5. Are You Prepared to Stick at It?
The aim of this article is not to discourage you, but I must tell you the truth. It takes time to build a strong piano technique, develop a fantastic sound production and years of experience to truly understand the depth of the pieces of the repertoire. Do not worry, it only takes a few weeks to play some nice and easy piano pieces but much longer to become a master pianist.
I could compare it to golf playing. It does not take too long to manage to put a ball in a hole but doing it like Tiger Wood is slightly more demanding!
As with every other high skill, your abilities will improve over time and you will encounter some plateau and setbacks. My best advice is “do not give up and keep your eyes on the prize”.
I used the word “journey” at the beginning of this article, but I am now wondering if it is right. A journey implies a destination, but piano playing is a lifestyle. There is so much to learn, explore and discover that there is no end to this wonderful art.
6. Are You Prepared to Be Pleasantly Surprised?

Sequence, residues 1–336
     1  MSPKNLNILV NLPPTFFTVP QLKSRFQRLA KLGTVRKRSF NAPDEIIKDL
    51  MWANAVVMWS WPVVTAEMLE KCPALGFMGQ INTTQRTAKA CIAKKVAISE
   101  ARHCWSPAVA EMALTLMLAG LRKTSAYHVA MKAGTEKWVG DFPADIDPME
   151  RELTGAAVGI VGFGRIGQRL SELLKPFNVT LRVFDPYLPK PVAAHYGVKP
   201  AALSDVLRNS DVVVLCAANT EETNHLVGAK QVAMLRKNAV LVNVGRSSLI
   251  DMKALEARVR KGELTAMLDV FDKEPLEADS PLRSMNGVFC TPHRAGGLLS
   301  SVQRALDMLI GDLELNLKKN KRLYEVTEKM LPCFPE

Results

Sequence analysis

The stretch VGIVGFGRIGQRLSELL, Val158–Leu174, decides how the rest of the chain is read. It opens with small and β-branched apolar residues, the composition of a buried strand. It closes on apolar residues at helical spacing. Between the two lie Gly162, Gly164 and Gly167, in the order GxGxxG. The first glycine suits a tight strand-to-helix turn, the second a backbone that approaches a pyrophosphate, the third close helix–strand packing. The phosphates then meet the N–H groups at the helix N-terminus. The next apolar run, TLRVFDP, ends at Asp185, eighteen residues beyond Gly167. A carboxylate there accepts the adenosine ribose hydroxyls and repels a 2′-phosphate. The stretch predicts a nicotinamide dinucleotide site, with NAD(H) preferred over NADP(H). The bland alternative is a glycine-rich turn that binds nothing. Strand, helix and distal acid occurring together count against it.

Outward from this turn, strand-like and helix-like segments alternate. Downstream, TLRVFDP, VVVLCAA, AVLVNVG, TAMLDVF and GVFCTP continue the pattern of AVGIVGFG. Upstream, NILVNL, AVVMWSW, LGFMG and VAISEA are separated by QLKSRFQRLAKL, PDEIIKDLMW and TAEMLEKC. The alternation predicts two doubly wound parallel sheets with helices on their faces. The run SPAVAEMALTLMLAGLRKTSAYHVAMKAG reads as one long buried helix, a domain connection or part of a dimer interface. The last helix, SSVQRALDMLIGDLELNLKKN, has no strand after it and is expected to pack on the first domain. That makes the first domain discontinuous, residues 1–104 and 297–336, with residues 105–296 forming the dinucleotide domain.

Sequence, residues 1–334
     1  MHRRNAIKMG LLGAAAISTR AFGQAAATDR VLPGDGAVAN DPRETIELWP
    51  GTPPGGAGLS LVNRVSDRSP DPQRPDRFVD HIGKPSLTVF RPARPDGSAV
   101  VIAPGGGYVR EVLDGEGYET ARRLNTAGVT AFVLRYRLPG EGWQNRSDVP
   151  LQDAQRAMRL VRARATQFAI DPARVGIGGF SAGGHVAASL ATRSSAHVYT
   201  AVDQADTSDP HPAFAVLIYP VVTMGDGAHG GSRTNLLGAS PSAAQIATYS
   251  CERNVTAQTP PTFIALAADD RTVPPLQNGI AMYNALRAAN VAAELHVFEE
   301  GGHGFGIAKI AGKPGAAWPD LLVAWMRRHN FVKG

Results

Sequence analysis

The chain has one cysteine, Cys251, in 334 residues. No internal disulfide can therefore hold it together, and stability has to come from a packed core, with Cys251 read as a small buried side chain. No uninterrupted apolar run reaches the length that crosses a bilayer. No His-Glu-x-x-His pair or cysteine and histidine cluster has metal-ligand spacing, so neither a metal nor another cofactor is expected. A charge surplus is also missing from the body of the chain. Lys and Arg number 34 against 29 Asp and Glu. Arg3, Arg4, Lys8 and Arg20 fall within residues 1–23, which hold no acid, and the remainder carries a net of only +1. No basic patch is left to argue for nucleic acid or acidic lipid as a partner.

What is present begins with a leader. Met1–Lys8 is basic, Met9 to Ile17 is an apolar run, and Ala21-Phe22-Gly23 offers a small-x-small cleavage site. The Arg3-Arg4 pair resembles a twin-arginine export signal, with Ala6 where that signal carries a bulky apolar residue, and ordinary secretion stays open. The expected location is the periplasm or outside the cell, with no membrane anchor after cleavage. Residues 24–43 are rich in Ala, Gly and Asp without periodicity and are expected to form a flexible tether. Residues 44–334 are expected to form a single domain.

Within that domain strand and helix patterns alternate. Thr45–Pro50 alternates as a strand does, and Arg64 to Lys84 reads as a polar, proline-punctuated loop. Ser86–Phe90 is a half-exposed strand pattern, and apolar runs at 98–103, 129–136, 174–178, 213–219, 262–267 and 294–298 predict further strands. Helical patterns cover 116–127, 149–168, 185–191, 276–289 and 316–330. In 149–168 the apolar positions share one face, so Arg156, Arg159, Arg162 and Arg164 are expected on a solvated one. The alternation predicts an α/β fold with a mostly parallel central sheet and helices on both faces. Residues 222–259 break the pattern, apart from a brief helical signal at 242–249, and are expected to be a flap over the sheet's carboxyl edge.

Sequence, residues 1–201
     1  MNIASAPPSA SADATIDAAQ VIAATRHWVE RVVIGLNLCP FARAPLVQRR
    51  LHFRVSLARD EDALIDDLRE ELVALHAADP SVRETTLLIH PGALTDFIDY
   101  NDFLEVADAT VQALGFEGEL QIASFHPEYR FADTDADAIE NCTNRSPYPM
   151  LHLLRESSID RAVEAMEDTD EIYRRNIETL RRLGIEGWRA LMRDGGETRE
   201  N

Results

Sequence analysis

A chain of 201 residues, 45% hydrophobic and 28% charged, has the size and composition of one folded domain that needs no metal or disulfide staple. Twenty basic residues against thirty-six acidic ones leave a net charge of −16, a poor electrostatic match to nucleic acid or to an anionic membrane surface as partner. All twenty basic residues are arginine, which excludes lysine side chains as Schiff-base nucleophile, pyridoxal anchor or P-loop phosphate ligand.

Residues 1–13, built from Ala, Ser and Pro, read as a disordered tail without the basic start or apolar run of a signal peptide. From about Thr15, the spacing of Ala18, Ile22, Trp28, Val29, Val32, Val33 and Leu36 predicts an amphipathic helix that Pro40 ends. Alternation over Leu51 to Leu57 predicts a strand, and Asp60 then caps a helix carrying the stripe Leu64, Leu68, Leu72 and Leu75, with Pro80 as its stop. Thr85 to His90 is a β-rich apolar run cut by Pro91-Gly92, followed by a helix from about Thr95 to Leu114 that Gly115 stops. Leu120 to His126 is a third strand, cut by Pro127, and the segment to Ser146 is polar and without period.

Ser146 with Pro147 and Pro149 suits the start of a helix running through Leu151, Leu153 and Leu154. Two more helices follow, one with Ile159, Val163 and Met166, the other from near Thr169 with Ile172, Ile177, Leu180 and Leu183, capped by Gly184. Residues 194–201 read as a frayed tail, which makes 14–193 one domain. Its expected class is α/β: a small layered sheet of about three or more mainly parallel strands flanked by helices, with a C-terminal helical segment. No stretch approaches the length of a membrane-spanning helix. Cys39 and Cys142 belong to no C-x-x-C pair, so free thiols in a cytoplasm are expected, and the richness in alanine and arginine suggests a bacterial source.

I often discuss the fear of success with one of my students who is fascinated by this concept. We usually talk about the fear of failure who is more common but rarely about the fear of success which also exists. Being able to do something you never thought was possible could be scary as it will take you out of your comfort zone. In other words, you will discover an unknown part of yourself and realise that you did not really know what you are capable of.
It is likely that you have some preconceived ideas and that you believe that you will be a mediocre pianist. It is unlikely that you believe that you will make your debuts at Carnegie Hall soon!
But what if you study with a fantastic piano teacher, follow his advice and practice regularly? What if you become the pianist you have always wanted to be? Have you thought of this possibility? Wouldn’t it be incredible to play your favourite classical pieces or jazz standards? You probably do not believe it, but it could truly happen and change your life entirely!
I am sure that you are well prepared to be unable to read music, coordinate your hands and understand music but you should also be prepared to experience success.
At The London Piano Institute, we have never met someone who could not play the piano and possibly become a fantastic pianist over time. Not all people who took piano lessons with us became successful since many of them gave up at the first set back, but I can assure you that there is no reason why you cannot become a wonderful pianist.
Are you now tempted to answer the question differently?
If you have read this article until the end, it tells me that you are truly interested in piano playing and that the answer should be: Yes, I should learn how to play the piano!